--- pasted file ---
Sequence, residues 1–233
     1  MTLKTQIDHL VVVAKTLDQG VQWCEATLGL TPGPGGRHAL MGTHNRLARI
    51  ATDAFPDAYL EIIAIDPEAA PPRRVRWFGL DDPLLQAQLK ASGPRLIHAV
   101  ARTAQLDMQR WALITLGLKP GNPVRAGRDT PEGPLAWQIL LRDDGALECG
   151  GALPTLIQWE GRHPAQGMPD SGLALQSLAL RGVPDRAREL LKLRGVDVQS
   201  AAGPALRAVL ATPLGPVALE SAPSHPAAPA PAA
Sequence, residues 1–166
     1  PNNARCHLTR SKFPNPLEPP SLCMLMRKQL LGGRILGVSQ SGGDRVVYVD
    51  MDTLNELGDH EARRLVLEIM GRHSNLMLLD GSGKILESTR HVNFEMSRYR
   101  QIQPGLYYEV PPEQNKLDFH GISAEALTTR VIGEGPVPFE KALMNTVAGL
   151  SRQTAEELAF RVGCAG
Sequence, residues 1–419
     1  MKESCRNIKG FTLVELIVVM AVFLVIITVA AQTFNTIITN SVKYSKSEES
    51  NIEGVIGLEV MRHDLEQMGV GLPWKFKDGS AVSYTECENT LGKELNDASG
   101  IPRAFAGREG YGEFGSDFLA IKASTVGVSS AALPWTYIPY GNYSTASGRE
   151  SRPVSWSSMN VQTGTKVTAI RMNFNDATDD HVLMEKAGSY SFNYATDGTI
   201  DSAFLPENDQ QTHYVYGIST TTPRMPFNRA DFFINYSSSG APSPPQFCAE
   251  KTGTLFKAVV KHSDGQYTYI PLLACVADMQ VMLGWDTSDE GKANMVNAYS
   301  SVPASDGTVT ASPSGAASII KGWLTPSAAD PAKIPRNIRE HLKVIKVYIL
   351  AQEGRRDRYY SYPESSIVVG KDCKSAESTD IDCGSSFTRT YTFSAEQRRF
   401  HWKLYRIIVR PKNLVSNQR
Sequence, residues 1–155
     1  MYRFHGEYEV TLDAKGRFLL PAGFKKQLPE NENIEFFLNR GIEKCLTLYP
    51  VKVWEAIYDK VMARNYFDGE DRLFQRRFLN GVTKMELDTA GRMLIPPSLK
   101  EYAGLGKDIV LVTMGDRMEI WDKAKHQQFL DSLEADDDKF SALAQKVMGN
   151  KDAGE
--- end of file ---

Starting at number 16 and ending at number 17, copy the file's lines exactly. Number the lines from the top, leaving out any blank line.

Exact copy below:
   151  SRPVSWSSMN VQTGTKVTAI RMNFNDATDD HVLMEKAGSY SFNYATDGTI
   201  DSAFLPENDQ QTHYVYGIST TTPRMPFNRA DFFINYSSSG APSPPQFCAE